Evansville Press/July 10, 1935
What are the odds against a crap-shooter with 10 for his point?
What are the odds against his making 10 the hard way?
What is the hard way? Is it 6-4 or a pair of fives? And why?
I ask these questions not for information, having learned the answers at great expense in years gone by, but merely to suggest a line of public instruction which should be considered in Illinois at this time.
Ernest Burgess, a professor who teaches sociology in the University of Chicago, John D. Rockefeller’s old school, has proposed in all seriousness that all forms of gambling be legalized.
The proposal itself, issuing from tha University of Chicago, might seem frivolous, even scandalous, at first glimpse. But these are strange times. A A. Stagg has withdrawn his pious influence from the Midway and, in New York, Mr. Rockefeller’s son, young John, is proprietor of a roof garden intimately known to the night-side of the town.
At this rate of progress it is hardly inconceivable that in some future day, the law permitting, persons of sporting blond might find an opportunity to go against the wheel, the bird-cage and the bank in the roof garden. After all, they do go against his champagne, and who would have predicted that 10 years ago?
However, for the moment I am considering the problems of the people of Illinois should they find themselves suddenly emancipated. There is a curious vanity in Americans which gives all the males to believe that they are born fist-fighters and most men and women to suppose that in gambling they possess some natural instinct.
The truth is that most of the men are right-hand swingers who shut their eyes and hope that their opponents in their casual rows are even worse than themselves and that only a few habitual gamblers know the quick and complex combinations of the cards and dice.
Hand Is Quicker Than the Eye
It is not uncommon, for example, in the gambling rooms of Europe, Cuba and Florida for Americans to bet against themselves in the game of hazard, and there are comparatively few who have schooled themselves in the tables of probabilities which operate in craps and poker.
These chances can be reduced to formula and learned by heart. But the action is fast, the hand is quicker than the eye, which, in turn, is quicker than the mind, and the victim often finds himself betting blindly, too vain to acknowledge his ignorance by asking questions and too eager to wait until he can be sure what he is doing with his money.
The school system teaches the oncoming generations of citizens the fundamentals of commerce, starting with the one about Johnny dividing an apple into four parts. The newspapers in recent years have given serial lessons in the various systems of the game of bridge, the stylish suburban game. But craps and poker, roulette, black-jack, the cage, the bank and the paddle-wheel all have been ignored by a conspiracy of silence which pretends that they don’t exist and leaves the victims ignorant and unprepared. It is thus with many facts of life.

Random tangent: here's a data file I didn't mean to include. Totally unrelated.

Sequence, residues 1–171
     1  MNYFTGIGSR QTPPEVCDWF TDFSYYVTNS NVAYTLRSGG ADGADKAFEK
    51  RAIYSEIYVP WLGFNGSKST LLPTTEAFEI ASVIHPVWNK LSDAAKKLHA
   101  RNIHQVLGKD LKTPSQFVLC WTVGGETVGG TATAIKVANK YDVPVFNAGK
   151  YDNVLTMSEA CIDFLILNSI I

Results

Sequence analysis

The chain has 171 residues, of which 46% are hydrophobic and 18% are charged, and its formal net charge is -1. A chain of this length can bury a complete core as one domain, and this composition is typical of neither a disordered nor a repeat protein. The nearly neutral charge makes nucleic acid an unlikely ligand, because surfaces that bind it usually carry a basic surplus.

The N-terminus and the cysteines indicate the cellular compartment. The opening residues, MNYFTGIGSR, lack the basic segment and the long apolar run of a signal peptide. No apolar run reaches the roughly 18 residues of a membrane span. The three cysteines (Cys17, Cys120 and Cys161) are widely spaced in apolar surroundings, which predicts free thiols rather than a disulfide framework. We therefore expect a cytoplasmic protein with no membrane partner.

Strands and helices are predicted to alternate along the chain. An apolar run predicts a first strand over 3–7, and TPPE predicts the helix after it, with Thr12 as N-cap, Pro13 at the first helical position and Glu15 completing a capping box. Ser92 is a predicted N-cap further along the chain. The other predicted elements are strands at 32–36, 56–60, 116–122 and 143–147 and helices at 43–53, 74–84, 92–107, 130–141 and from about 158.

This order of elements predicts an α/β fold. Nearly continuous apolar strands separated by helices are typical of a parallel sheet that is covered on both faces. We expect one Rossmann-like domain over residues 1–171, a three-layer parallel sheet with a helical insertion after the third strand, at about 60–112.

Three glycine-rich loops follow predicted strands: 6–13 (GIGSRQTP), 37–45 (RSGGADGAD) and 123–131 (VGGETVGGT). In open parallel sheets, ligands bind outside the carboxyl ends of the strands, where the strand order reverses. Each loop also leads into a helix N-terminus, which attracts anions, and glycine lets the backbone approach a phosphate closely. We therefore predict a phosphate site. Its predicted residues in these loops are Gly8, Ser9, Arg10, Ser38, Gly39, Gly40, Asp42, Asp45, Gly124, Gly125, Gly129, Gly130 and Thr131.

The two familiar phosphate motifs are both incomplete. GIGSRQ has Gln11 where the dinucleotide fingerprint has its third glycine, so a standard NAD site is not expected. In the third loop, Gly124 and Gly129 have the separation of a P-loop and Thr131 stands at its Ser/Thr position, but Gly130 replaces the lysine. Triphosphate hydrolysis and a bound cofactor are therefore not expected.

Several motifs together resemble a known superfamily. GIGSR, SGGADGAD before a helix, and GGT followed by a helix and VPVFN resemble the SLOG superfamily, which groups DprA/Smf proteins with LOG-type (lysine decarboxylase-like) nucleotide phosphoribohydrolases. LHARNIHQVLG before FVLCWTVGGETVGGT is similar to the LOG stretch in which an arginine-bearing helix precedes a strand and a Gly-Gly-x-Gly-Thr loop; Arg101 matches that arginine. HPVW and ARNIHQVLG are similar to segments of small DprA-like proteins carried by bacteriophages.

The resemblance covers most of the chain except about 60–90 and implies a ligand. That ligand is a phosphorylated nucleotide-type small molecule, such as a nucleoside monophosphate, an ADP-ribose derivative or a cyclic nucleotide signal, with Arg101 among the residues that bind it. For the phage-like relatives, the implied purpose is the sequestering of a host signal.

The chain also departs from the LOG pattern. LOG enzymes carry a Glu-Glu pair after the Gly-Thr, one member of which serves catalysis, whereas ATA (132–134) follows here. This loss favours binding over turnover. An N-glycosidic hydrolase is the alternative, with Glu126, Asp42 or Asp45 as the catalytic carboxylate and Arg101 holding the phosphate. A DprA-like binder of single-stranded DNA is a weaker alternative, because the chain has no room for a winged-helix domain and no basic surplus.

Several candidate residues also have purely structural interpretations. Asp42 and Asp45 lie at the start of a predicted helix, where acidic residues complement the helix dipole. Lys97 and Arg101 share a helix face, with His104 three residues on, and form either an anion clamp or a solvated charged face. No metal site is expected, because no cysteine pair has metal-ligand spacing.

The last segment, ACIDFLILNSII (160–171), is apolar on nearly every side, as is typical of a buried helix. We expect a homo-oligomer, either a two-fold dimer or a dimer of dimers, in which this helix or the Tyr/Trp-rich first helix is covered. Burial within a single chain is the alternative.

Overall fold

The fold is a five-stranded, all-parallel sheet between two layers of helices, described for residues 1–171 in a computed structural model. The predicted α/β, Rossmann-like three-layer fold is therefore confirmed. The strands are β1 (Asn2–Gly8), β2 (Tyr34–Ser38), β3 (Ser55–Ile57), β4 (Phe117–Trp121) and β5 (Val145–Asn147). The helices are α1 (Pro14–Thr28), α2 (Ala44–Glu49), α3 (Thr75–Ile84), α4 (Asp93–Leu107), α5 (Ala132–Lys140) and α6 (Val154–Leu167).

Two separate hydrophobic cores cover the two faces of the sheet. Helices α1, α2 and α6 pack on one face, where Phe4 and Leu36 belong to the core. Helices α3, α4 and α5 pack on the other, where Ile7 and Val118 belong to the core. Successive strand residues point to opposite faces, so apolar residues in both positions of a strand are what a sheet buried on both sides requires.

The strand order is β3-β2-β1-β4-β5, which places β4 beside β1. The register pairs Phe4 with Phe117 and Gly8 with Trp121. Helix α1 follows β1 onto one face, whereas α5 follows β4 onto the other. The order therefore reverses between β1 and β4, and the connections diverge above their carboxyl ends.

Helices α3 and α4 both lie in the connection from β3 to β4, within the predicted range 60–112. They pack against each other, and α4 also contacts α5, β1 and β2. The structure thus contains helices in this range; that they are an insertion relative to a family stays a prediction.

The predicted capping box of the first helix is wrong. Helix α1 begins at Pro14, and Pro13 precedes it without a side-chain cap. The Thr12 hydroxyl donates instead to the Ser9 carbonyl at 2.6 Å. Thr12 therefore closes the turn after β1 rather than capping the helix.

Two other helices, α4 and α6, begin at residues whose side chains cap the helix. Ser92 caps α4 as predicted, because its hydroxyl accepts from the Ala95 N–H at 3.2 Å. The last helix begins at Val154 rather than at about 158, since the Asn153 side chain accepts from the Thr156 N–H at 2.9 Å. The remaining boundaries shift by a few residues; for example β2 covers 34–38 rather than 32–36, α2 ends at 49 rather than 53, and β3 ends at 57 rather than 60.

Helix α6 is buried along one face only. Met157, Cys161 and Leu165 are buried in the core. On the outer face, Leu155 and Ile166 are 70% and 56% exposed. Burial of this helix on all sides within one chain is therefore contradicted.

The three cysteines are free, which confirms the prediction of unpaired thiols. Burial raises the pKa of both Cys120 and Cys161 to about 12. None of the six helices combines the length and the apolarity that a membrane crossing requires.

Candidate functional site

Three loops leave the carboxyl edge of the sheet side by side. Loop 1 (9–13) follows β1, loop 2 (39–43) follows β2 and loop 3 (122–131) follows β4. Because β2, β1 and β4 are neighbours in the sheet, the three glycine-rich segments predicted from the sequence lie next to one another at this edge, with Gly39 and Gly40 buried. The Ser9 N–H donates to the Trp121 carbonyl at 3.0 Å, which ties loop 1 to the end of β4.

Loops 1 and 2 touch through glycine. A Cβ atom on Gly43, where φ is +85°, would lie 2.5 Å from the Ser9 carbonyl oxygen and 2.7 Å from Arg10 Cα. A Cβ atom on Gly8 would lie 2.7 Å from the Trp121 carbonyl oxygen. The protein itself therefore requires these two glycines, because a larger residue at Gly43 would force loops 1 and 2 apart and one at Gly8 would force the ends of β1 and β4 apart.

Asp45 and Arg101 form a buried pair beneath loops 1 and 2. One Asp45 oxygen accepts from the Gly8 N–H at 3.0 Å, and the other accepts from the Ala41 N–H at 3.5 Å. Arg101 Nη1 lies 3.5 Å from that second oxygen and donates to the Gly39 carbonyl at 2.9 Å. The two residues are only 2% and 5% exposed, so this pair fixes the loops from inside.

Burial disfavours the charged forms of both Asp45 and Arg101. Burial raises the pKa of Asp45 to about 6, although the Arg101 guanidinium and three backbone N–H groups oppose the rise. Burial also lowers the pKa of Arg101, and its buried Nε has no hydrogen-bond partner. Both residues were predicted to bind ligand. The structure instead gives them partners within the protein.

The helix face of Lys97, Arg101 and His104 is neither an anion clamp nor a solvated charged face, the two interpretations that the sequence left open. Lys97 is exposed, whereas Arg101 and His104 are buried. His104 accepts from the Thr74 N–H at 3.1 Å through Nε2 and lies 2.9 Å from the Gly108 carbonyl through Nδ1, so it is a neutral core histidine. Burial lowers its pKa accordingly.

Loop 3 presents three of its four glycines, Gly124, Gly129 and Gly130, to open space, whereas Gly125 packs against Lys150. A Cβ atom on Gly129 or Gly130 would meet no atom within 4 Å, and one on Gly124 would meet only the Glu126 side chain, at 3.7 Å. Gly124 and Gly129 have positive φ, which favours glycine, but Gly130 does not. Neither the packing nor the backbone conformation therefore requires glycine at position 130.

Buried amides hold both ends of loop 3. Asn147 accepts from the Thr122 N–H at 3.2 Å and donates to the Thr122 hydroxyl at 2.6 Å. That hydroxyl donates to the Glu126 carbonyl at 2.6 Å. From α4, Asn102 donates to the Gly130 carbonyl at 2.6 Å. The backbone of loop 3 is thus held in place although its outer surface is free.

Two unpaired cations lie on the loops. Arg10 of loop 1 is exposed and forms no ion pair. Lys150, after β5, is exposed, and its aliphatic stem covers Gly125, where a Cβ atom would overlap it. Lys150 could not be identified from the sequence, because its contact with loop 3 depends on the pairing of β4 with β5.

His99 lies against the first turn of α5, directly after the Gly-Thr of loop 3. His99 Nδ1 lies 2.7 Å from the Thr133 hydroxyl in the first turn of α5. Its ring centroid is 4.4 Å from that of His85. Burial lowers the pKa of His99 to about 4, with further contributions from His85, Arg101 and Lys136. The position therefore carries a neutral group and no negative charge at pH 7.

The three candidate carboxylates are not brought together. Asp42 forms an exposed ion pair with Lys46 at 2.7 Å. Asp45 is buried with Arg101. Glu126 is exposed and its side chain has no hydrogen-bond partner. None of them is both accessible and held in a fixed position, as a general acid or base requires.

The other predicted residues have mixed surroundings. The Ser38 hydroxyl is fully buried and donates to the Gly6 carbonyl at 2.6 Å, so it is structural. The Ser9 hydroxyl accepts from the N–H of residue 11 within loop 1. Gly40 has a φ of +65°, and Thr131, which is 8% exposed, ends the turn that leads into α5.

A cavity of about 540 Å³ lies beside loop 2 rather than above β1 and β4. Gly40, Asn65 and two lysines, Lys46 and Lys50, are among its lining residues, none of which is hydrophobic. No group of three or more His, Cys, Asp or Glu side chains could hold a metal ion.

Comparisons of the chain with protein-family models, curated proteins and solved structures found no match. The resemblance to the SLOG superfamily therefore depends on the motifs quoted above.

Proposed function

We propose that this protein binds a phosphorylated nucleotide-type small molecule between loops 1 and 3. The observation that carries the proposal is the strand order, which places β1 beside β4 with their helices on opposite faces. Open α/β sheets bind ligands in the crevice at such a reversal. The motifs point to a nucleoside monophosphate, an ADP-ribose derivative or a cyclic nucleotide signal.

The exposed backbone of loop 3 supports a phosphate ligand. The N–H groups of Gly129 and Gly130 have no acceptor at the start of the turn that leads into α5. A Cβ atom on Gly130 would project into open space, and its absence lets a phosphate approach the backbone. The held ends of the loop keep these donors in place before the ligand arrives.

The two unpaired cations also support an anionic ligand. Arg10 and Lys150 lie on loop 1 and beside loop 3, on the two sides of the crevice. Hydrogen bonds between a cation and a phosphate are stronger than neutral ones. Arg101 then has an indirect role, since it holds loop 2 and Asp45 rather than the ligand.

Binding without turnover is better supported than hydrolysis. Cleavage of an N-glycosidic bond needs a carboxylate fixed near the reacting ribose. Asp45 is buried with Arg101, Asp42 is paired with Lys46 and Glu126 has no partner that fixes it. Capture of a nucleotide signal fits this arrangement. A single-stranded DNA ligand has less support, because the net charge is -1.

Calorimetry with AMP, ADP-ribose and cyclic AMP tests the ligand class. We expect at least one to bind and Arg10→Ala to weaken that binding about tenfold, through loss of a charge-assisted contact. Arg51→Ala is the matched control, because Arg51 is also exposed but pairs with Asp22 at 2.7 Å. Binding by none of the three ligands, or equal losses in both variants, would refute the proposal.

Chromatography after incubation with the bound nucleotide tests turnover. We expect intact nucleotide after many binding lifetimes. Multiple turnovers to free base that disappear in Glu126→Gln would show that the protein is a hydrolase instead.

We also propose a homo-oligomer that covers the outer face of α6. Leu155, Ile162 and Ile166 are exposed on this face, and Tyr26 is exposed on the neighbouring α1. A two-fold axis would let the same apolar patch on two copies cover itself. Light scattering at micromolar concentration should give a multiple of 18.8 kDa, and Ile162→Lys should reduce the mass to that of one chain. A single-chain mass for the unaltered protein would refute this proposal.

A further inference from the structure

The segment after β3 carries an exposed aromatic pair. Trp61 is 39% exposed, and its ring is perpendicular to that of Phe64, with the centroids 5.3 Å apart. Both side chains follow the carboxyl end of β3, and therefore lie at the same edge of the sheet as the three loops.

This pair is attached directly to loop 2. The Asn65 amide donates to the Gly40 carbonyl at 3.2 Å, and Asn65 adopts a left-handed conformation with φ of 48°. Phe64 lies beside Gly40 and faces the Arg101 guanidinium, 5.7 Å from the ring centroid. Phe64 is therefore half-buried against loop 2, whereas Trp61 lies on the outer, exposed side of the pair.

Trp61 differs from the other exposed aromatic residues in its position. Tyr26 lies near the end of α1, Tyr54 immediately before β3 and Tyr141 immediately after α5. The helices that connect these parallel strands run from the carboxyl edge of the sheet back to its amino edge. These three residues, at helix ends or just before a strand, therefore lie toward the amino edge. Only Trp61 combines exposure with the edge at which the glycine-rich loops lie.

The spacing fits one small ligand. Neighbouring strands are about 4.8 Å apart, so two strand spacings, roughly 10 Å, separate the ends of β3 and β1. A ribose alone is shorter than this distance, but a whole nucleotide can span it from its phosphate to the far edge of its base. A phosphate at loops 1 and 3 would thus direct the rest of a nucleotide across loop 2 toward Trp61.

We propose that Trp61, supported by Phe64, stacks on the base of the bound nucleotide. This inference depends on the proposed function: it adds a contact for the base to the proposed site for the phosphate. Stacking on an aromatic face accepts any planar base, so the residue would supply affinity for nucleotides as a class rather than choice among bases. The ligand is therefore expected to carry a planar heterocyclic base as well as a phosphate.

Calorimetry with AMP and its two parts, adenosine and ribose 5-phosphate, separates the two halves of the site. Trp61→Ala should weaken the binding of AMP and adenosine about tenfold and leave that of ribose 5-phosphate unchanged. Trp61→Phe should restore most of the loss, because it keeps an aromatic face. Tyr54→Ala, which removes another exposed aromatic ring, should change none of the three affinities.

I know of no text-book on the subjects which I mention except George Henry Fisher’s Stud Poker Blue Book and the Encyclopaedia Britannica. But there you are. As hitherto observed, people study business and bridge but assume that they need no teaching in the problems which arise around a crap table with their money at stake.
What is a round book? What is a Dutch book? How does a bookmaker balance his prices as he deals his business in the hubbub of the crowd as post time approaches? Does the University of Chicago offer a course of instruction for students desiring to become bookmakers? And if, as I assume, the university doesn’t offer this teaching, where could better professors he found than in the ring which now operates under the law at the race tracks of New York? Nominations would seem to be in order.
Does the University of Chicago teach an approved roulette system or attempt to explain why No. 17 possesses a peculiar fascination for so many instinctive punters and so often betrays them? Perhaps the people ought to be taught the truth about No. 17, if there is any truth in the number which has mocked so many dreams of avarice. Or would Professor Burgess toss the victims unprepared into the remorseless gadgets and grinds which take the flesh off their bones and even reduce the bones to powder if they stay?
Lying and Lying in Wait
One of the old mottoes of poker has it that the secrets of success are lying and lying in wait, a phrase which would look well on the walls of the public school rooms when mother hands sonny her last two bucks and sends him down to the corner store to win the rent in the stud game.
Sonny should have some guidance as to whether his jacks up are betting into the midst of three tens across the table or merely facing tens over treys.
Or could he be challenging kings over tens. Courage is not much good of itself alone in these conditions and mother may slap the hell out of our hero if he bets himself out of money when he should have watched the cards which are folded under by the other athletes around the board to observe the probabilities.
The questions are infinite in number and variety and there is no disputing the fact that a people who are invited to gamble as a civic duty (the public purse gets a kitty, you understand) should have the advantage of expert coaching. What are the schools for, anyway, if not to prepare the people for the problems of life?
I should not care to witness a movie, with sound, of Mr. A. A. Stagg, who spent so many years and so much earnest zeal at the University of Chicago, when he read in the papers that a professor of the new regime at his old school had proposed open gambling on every corner in the town.
Mr. Stagg takes his morals straight. He labored a lifetime at the U. of C. and he could be pardoned for hoping, at least, that his influence would be felt beyond the few remaining years of an honorable life.